Large new international study combines satellite and ground data
Natural carbon reservoirs will play a major role at the COP28 world climate conference in the United Arab Emirates. After oceans and soils, forests are the largest "sinks" for carbon, i.e. they absorb an enormous amount of carbon dioxide from the atmosphere. Exactly how much this is and how much more it could be with better forest management is a difficult question. In a recent study in the scientific journal “Nature”, a team of more than two hundred researchers worldwide presents new estimates of the storage potential. The study was coordinated by ETH Zurich, important methodological contributions came from GFZ.
According to the study, forests could ideally absorb 328 billion tons (gigatons, Gt for short) of carbon. However, as many formerly forested areas are now used for agriculture and as settlement areas, the potential is reduced to 226 Gt. 139 Gt of this (61%) could be achieved by protecting existing forests alone. The remaining 87 Gt (39%) could be realized by reconnecting previously fragmented forest landscapes and managing them sustainably.
Forests under pressure
Previous studies, which relied heavily on statistical evaluations and extrapolations, had arrived at results of a similar order of magnitude. As a comparison, the storage potential of 226 Gt is offset by annual emissions of just under 11 Gt of carbon (equivalent to 40 Gt of carbon dioxide).
However, instead of protecting forests and managing them sustainably, deforestation is continuing worldwide. Added to this is the almost unabated emission of greenhouse gases, which is accelerating global warming and thus putting forests under even more pressure.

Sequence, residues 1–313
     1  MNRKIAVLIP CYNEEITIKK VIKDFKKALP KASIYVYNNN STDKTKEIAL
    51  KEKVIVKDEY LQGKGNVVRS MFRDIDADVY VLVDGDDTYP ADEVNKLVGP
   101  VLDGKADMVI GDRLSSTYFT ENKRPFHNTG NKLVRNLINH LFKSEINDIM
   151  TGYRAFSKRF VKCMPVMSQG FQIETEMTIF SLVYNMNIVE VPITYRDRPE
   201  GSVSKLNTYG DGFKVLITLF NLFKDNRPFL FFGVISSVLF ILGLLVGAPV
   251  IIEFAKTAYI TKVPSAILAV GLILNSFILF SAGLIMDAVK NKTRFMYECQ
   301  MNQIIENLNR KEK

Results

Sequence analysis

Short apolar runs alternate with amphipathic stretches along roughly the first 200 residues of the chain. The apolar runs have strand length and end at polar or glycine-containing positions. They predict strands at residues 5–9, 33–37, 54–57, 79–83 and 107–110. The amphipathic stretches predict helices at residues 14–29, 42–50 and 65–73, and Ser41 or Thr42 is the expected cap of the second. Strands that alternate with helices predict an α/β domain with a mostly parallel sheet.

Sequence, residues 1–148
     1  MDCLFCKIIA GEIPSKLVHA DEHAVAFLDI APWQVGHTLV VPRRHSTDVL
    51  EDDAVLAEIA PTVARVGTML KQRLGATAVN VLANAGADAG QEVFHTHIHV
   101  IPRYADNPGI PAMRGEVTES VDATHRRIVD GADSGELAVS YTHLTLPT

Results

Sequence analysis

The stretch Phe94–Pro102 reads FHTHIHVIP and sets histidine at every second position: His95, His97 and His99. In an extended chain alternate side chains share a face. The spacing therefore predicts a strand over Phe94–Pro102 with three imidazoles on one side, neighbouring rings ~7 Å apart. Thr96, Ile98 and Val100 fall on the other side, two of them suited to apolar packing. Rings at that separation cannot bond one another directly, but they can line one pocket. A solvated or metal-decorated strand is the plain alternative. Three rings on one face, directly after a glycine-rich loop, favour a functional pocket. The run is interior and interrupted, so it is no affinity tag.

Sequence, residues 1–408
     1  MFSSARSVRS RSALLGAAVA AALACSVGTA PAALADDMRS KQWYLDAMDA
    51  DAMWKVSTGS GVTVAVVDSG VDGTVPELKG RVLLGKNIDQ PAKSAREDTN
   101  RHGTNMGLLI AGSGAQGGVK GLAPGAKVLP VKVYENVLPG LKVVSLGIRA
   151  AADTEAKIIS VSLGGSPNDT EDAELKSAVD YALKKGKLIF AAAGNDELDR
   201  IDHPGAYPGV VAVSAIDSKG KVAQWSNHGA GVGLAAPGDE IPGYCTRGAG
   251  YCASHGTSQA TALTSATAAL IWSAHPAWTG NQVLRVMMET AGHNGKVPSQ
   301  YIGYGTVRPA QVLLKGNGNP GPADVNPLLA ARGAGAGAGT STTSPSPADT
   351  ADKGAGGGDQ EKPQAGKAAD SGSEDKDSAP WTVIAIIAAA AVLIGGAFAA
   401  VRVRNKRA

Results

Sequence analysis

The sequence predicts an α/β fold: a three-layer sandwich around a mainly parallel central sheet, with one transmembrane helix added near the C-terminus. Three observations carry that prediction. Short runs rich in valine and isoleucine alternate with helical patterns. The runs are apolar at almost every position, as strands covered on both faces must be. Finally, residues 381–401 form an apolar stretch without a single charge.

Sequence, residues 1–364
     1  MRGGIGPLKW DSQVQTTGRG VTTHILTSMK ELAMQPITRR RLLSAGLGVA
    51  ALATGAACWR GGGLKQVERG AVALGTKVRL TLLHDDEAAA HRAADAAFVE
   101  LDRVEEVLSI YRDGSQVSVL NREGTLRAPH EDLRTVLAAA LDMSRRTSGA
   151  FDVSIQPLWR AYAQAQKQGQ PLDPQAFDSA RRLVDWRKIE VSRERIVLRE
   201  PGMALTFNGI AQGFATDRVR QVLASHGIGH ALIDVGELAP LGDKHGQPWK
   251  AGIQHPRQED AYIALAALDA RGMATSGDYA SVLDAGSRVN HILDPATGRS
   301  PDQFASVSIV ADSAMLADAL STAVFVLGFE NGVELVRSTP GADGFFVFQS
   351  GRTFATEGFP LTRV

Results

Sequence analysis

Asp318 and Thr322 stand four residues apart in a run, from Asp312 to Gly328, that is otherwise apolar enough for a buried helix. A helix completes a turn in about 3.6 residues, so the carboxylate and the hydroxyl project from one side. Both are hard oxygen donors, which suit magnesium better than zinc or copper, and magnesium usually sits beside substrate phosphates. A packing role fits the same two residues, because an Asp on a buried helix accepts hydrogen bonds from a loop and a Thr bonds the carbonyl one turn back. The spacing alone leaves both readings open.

To arrive at their results, the researchers linked satellite data with surveys of forest condition and biomass taken from the ground. They also integrated data on carbon storage in forest soils with dead wood and litter. “The new paper is based on much better data and in this sense offers a better quantification of the potential than previous work,” says Martin Herold, one of the co-authors of the study and head of the GFZ Remote Sensing and Geoinformatics Section. He emphasizes how important it is to “systematically combine satellite and ground-based carbon measurements, which opens up new ways of understanding global carbon stocks and potentials”.
GFZ an important global partner for carbon stocktaking
The space-based biomass analysis originates mainly from GFZ, although GFZ has also contributed with soil data as part of a global network. Martin Herold: “The GFZ has invested heavily in such integrated surveys in the past and will continue to do so in the future. Our strong monitoring infrastructures make us an excellent and globally visible partner for such important global analyses on key issues such as how we can best evaluate and manage our carbon stocks in terms of climate and sustainability.”
Behind this are also strategic questions for the GFZ: How can we best monitor and quantify changes on our dynamic planet? How can we improve our understanding of georesources and use them sustainably?
Original study: Lidong Mo, Constantin M. Zohner et al.: Integrated global assessment of the natural forest carbon potential (Nature, 2023); https://doi.org/10.1038/s41586-023-06723-z
Prof. Dr. Martin Herold
Head of the Section Remote sensing and Geoinformatics
Phone: +49 331 6264-1190
Phone: 49 331 6264-1040